Is Netflix (NASDAQ: NFLX) original programming likeThe Crown more interesting to watch than the Golden State Warriors' bid to run away with the NBA championship? Could be, as the movie streaming giant continues to add to its subscriber base while sports bars like Buffalo Wild Wings (NASDAQ: BWLD) lose customers quarter after quarter.
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Netflix reported in January that it had added a record 7 million new subscribers to its rolls in the fourth quarter, bringing the streaming provider's worldwide membership to 93.8 million. In contrast, Buffalo Wild Wings said total revenue for the chain rose less than 1% in the fourth quarter as same-store sales tumbled 4% -- the fourth straight quarter such sales have fallen, causing profits to plunge over 38%.
Image source: Getty Images.
Kicking back at home and taking in a movie or the game with friends is apparently more popular than going out, and that could be a troubling development for the beer-and-wings joint, which is under attack from an activist investor looking to overhaul the chain.
There's even some evidence to back up the intuition. Location intelligence company Foursquare found that liquor stores, including wine and beer shops, saw a 20% increase in visits in 2016 compared to the year before, while bars only saw a 2% rise. Sports bars, on the other hand, witnessed a 3% drop in visits last year. Buffalo Wild Wings has built itself on offering wings, beer, and sports, so the Foursquare data is troubling for B-Dubs investors.
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More than 50 million people use Foursquare's City Guide to discover new locations to visit, and it's recorded more than 10 billion check-ins. There are an average of 9 million check-ins a day on Foursquare Swarm, which it describes as making "a game of life," where you can earn real-world perks as well as fun accomplishments, such as being named mayor of a spot if you check in there enough times.
The location app has also discovered that once people hit their local liquor store, they often make their next stop the supermarket, which was visited 8% of the time immediately after a liquor store trip. While that could suggest some seriously skewed consumer priorities, what it likely means is that shoppers are preparing for a stay-at-home, bring-your-own social event. Foursquare posited that the bigger increase in liquor store visits, as compared to bar visits, could be part of a "Netflix and chill" phenomenon.
Image source: Buffalo Wild Wings.
No stampede to the bar
The restaurant industry at large is experiencing malaise. Customer traffic at restaurants was down 5% last month and comps fell almost 3%, according to Nation's Restaurant News, one of its worst performances in the past four years. (Guest checks, however, were 1.2% higher and are up 2.3% over the last six months.) With food price deflation in full swing at grocery stores, consumers are simply finding it a better value to cook at home instead of going out.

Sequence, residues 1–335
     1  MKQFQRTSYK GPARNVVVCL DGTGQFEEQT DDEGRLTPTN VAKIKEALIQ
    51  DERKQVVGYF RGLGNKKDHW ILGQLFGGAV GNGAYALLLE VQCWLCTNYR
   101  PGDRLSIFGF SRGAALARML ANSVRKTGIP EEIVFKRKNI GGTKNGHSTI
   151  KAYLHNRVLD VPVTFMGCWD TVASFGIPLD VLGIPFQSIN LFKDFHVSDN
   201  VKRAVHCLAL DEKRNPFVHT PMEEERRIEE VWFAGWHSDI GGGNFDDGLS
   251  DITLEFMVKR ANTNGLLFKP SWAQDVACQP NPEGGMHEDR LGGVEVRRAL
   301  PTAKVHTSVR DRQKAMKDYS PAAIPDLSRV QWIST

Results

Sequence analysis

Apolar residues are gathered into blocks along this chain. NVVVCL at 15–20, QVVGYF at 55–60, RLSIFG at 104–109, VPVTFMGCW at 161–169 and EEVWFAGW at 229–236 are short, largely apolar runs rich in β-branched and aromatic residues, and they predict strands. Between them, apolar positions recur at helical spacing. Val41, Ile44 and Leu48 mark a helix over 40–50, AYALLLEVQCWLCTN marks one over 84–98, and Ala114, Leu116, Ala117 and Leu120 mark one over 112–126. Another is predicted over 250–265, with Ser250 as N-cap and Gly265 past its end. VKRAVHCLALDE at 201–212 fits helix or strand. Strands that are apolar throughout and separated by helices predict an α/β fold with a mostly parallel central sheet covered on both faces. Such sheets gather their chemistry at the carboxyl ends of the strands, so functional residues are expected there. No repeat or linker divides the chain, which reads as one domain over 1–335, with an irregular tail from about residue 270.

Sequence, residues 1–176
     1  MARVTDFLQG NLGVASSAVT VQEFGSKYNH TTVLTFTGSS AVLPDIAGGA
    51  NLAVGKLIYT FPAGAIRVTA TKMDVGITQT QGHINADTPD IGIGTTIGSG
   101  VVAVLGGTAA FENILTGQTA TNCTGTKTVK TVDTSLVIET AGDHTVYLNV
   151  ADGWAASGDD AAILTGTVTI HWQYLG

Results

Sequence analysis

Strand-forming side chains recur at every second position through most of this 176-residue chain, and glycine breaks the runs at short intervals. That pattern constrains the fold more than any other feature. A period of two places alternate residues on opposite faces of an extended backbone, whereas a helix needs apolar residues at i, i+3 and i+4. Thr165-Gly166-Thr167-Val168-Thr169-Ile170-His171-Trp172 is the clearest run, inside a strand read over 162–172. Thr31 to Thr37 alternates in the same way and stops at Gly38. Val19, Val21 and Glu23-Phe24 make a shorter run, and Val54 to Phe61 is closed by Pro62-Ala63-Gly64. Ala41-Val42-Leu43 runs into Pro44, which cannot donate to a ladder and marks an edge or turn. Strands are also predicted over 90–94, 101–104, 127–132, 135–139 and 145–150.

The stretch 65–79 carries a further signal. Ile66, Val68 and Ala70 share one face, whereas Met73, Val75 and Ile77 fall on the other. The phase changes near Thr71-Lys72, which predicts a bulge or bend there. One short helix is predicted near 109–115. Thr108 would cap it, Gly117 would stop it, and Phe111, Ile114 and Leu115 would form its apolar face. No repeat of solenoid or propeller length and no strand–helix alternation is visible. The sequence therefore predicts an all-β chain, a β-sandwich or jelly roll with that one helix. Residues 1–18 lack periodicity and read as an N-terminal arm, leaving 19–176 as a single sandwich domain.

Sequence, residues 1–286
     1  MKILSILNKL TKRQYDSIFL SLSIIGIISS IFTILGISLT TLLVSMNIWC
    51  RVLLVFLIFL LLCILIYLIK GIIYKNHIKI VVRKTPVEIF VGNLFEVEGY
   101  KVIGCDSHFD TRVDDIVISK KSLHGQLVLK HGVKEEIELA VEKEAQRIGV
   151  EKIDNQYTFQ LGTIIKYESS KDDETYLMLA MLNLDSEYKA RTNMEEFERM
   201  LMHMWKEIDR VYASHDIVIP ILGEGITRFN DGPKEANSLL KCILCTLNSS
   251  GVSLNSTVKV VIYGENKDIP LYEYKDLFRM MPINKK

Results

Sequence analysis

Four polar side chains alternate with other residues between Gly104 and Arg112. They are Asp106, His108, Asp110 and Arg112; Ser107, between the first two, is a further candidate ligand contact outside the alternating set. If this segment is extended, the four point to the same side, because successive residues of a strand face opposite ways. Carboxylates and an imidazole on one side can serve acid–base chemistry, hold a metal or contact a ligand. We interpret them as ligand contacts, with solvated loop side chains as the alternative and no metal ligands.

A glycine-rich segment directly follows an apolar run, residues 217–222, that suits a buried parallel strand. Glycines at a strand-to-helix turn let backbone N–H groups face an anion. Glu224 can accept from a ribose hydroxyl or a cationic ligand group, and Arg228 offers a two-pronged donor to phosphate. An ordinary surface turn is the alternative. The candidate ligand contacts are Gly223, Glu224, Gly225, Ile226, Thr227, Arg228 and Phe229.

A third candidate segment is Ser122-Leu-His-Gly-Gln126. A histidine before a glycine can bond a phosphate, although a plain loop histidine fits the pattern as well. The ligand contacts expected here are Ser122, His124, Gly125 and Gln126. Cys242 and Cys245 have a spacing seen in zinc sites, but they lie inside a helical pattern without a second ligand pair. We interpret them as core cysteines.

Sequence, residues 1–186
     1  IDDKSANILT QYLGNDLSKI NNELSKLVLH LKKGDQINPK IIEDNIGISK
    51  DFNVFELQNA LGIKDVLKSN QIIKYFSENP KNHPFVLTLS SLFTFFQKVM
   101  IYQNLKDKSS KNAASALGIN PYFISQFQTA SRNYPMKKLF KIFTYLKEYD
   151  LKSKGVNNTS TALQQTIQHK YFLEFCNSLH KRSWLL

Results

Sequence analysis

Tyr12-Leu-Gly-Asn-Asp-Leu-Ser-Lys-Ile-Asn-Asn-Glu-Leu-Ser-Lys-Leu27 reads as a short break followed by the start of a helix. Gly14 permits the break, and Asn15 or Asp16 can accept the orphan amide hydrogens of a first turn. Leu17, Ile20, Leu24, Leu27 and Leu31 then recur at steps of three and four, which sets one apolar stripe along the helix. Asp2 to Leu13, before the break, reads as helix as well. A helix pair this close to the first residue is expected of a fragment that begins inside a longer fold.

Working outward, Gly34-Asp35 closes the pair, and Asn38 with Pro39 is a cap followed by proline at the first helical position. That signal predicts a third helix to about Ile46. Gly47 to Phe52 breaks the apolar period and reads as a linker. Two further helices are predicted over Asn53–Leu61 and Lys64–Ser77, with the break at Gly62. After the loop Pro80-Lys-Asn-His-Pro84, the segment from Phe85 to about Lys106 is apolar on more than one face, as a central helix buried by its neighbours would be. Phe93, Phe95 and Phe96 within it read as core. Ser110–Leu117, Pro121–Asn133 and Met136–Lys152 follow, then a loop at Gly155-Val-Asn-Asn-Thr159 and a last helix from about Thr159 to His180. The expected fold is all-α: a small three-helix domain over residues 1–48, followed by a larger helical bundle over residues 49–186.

Buffalo Wild Wings hasn't escaped the overall malaise, in addition to any restaurant-specific issues, and activist investor Marcato Capital Management thinks the sports bar chain isn't doing enough to turn things around. In part, it has recommended B-Dubs seek out "strategic alternatives" for the chain, make substantial management changes, improve its capital structure, and expand franchising opportunities. It subsequently nominated four people to serve on the board of directors.
Image source: Dave & Busters.
Still fun to go out and play
Yet as much as staying home and watching movies or television might be impacting Buffalo Wild Wings' bottom line, it's clear other factors are also at play, because where the beer-and-wings joint continues to report falling sales, rival Dave & Buster's Entertainment(NASDAQ: PLAY) is see strong growth.
In its fiscal 2016 third-quarter earnings report in December, Dave & Buster's said revenue jumped almost 20% in the period on a near-6% rise in comps, which were boosted in part by a 7.6% increase in special events sales. It may be helped along by the fact there's more of an arcade experience at Dave & Buster's with its games and entertainment than at B-Dubs, which opts for a sports stadium-like environment. It may just be that visiting an adult version of Chuck E. Cheese is simply more popular than a beer-and-wings sports bar.
Yet that also means Buffalo Wild Wings may continue to experience the chilling effects ofconsumers picking up their adult beverages at the liquor store and spending the night at home streaming movies or watching the game on TV with friends.
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Rich Duprey has no position in any stocks mentioned. The Motley Fool owns shares of and recommends Buffalo Wild Wings and Netflix. The Motley Fool recommends Dave and Buster's Entertainment. The Motley Fool has a disclosure policy.